At each aid station we stopped, unloaded our garbage and recycling into Jan's pickup truck and unloaded all the garbage/recycling from the stations as well. We were sweeping behind the last runners and once we passed a station, they could close down. Then we were off. I pushed the stroller for a few miles (between two aid stations) and it wasn't too bad, except that the front wheel veered to the left and my left arm got quite a workout as a result. The guys were seriously awesome though and traded off the stroller between the three of them the rest of the way. It's tough running with that thing! Once we reached the 20-mile mark, we were joined by 3 or 4 more sweepers and then a few more at the final aid station. So by the end, we had a sizable group crossing the finish line. It was so much fun! Jan followed close by from mile 20 on so that we could keep tossing our full bags into his truck. The garbage really picked up in those last 6 or so miles, and clothing was everywhere! We were now covering what had been the initial first three miles of the out-and-back marathon course, so that's why there was so much discarded clothing.
My head cold was really acting up, and my cough got courser towards the end of the run (probably due to the wind and chilly temps). My nose was running faster than I was in the final two miles! My left hamstring started tightening up around mile 20 and what felt like fist-sized knot was forming behind my knee. When I asked my PT about it, she said I was probably running too fast for the distance we were covering and my hamstring was trying to decelerate me by tightening up. It was painful, but not enough to stop me. Mike was getting the same thing, so we just complained to each other about it and kept on trucking.
In all, when we crossed the finish line to a very warm welcome by the crowd, Mike, Ian, Jeff and I had covered 14.5 miles...the longest distance ever run for both Jeff and I. I was elated, because I had such a great time (way better than expected), met some totally awesome people, saw my sister standing there at the finish, I got a distance PR and because I could finally wash my hands and blow my nose. Oh, and I got a finisher medal. Sweet.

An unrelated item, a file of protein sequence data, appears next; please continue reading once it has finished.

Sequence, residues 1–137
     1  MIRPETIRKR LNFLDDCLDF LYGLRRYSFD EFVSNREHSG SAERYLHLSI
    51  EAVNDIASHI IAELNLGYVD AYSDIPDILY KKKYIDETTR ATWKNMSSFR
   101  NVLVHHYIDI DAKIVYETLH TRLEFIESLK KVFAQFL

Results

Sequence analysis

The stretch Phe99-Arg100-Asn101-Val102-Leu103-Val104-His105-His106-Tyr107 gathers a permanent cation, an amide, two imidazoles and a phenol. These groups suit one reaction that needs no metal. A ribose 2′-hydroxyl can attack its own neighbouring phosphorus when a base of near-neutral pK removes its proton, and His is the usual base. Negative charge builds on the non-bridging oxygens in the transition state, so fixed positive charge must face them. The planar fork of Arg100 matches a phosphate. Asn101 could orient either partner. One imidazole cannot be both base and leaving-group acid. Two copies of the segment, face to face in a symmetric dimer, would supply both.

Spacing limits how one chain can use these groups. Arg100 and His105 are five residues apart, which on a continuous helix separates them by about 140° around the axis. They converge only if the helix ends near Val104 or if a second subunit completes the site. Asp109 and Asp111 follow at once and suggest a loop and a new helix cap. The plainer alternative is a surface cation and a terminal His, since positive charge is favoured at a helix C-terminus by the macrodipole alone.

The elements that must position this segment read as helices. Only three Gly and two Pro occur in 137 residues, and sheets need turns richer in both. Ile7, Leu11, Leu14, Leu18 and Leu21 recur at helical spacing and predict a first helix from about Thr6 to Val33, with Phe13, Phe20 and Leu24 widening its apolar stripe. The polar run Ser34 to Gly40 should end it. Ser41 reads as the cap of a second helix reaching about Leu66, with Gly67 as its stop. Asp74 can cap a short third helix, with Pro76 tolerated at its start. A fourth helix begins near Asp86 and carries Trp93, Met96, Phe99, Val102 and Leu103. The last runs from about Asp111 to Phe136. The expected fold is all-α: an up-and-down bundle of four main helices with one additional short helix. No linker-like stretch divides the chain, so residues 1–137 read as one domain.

Holms and I after finishing...
Wow, what a great experience!! I can't even begin to describe how much fun this was, you really just have to experience it for yourself. Even Holms, who's not really into the whole running thing, and is by no means a morning person, showed up at 7:30a.m. without any complaints (at least none that I heard!) and helped sort trash all day long at the start/finish area. She was all smiles when she saw the rest of us crossing that finish line. I was assuming I'd come back to find her pissed at me for volunteering her to volunteer on her vacation, and she ended up having an absolute blast! I think we may have even inspired her a little bit as she said she just might start training for a 5k now! Hell yea, and the running bug is spread...it's a contagious little bugger. She really loved the free Atayne shirt she got for volunteering. I think her words were, "Oooo, a free running shirt?! That totally makes it worth it!" Hahaha
Now it was time to sort everything remaining at the start/finish area and break down the Atayne tent. Rebecca did a killer job and really held down the fort at the tent. So kudos to her. And kudos to Jeremy who killed it out there on the marathon course and BQ'd!!!! I think his finishing time was 3:09 for the marathon. Good gracious, so all that training really did pay off. Congratulations, Jeremy!
We separated recyclables and garbage, and loaded everything into Jan's truck. We broke down all the boxes and loaded those up too. Jeremy and Jan were going to take everything to be redeemed and all the money earned from that would be donated to the Maine Marathon charity, Center for Grieving Children. All clothing gathered along the course was going to be donated to the Salvation Army. Once everything was broken down and there was nothing left to clean up, we headed home for hot showers, clean clothes and then dinner at Gritty McDuff's in Freeport with Jeremy, Rebecca and the rest of the Litch' clan to celebrate a job well done and a Boston qualifying time by Jeremy. What an amazing day!!
That was only half of it...
Holms and I on Cape Elizabeth, with the Portland Headlight in the background (that's the "most famous lighthouse in the world" according to some website, and Jeremy).
So, what does one do to celebrate a killer trip, a great run, and their namesake?Get tattoos!! Yep, they're real, we did it.
Maine was fabulous. The running was top notch. I got to see my "Maine" squeeze, Mike, for a few lovely days, even though we were both pretty sick. And now I know where my next destination is. Operation: Maine.
For more recaps of Atayne's involvement in the Maine Marathon check out these blogs: Polka Dot Shorts, The Story of a Red Shirt, Trail Monster Running, and Livestrong Maine.